Why measure bone mineral density?
At least 30 to 40 percent of bone mineral must be lost before bone loss is detectable on a routine X-ray, and that is too late for an effective prevention of fracture risk. Specialized tests have been developed to detect small amounts of bone mineral loss in those people at risk. The most widely available and preferred technique is Dual-Energy X-ray Absorptiometry or DXA.
How is bone mineral density measured?
During the DXA examination, the patient lies on a padded table while a “scanning post” passes back and forth over the site of the skeleton being measured. No injections or dyes are used. A simple and fast procedure, the DXA is a comfortable diagnostic test that measures bone mass in the spine, hip and forearm.
During a five- to seven-minute period of time, an X-ray beam records the amount of calcium in the skeleton. The DXA machine’s computer, then, calculates the amount of bone mineral and compares it to values considered normal for persons of the same gender as the patient.
The amount of X-ray received is minimal — only one-sixth that of a chest X-ray or what a person might be exposed to from the altitude while flying from New York to Los Angeles. Even though the X-ray exposure is minimal, DXA of the hip and spine is not performed on pregnant women as a matter of institutional health policy. Bone mineral density measurements of the forearm may be used in pregnant women.
A trained Bone Density Technologist certified by the International Society for Clinical Densitometry (ISCD) performs the DXA scan. He or she will explain the procedure to you. The specialist physicians at the Bone Health Program, most of whom are ISCD Certified Clinical Densitometrists, will interpret the results and discuss it with you at the visit, in most cases immediately after the test. The physician will also submit a report including detailed measurement data to your physician within a few days.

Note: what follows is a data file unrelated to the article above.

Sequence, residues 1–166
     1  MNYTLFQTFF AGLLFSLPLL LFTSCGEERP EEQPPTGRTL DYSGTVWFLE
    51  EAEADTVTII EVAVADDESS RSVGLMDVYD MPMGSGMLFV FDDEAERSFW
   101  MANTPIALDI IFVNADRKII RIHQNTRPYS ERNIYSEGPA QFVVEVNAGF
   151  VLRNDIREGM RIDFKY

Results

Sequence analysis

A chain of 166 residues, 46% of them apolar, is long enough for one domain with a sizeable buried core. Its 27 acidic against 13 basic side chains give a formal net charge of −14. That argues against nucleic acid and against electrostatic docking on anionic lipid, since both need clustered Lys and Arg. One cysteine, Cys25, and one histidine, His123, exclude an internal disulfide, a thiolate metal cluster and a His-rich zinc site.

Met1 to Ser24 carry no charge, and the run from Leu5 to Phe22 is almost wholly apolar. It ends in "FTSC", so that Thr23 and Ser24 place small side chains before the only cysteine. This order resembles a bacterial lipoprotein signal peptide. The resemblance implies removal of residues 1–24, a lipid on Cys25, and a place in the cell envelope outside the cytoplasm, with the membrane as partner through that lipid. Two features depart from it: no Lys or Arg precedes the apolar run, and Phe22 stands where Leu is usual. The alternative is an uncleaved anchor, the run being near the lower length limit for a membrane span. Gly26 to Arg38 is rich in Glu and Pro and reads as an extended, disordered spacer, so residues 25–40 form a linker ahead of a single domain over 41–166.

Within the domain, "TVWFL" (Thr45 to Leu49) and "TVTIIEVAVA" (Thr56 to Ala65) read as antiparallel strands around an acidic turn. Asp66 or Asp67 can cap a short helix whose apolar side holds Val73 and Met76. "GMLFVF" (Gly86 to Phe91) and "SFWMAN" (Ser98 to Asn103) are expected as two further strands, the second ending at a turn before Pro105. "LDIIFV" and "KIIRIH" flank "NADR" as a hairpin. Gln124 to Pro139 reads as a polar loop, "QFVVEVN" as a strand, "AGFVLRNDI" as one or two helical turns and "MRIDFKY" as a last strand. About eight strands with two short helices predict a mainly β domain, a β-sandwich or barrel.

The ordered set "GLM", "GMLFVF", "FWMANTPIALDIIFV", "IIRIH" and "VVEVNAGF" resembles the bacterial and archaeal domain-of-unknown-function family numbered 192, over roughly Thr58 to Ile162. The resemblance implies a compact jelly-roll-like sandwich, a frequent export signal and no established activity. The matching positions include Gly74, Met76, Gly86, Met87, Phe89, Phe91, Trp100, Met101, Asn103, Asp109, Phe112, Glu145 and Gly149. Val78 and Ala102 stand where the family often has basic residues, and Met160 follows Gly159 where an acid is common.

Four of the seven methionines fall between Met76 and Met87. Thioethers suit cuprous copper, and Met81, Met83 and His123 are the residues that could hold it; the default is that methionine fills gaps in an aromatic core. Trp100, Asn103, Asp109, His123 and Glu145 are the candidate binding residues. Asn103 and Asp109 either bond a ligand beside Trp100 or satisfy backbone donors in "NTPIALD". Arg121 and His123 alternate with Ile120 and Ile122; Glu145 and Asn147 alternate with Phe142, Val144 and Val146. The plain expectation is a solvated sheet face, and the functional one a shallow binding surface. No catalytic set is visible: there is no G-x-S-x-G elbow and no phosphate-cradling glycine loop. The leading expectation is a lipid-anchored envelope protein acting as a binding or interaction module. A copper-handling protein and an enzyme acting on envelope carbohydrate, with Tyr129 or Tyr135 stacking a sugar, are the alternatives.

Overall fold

What is the benefit of the test?
The DXA provides a safe, inexpensive and accurate means of measuring bone mineral density. Similar to a baseline mammogram, the initial DXA provides a baseline measurement or point of comparison for future measurements. Repeated measurements at specified intervals determine an accurate rate at which bone is being lost and provide a means to monitor the effectiveness of treatment.
The DXA measurement helps physicians assess the likelihood of developing fractures that may occur during normal living activities, or after minimal trauma. For example, more than 30 percent loss of bone mass in the hip leads to a significant increase in the fracture rate.
Under the aegis of the World Health Organization, a tool has been developed, the FRAX calculator that aids in estimating fracture risk based on bone density but also taking into account other factors that are known to increase fracture risk, such as family history of osteoporosis, having had a previous low-trauma fracture, taking medications that negatively affect bone strength (i.e. corticosteroids for rheumatoid arthritis, lupus, or asthma), smoking, and others. While this tool is freely available online, we strongly encourage you to consult with your specialist physician or health care provider to devise the most appropriate approach to improve and maintain your bone health.
How can a DXA test be scheduled?
Making an appointment is easy, please call 314-454-7775. Appointments can be scheduled usually within two weeks. During the first phone call, you will be asked the name of your referring physician, and other basic information about yourself. If you need a referral from your insurance company, please obtain authorization before your appointment.
What should patients do to prepare for this test?
You do not have to prepare anything special for the DXA. Keep to your normal diet and daily routine. The whole DXA takes 20 minutes from start to finish, including filling out any of the other required forms. To help with the paperwork, you can download and fill out a simple Patient Questionnaire (pdf) and Medication Record (pdf).
To make the examination easier, we recommend that patients wear loose fitting comfortable clothing, such as sweatshirts and sweat pants with no zippers, buttons, or safety pins, or other metal fasteners. Patients may be asked to change into a hospital gown. Also, please do not take calcium supplement tablets the day of the test, since if not completely dissolved in the stomach, it may interfere with a proper estimation of bone density.
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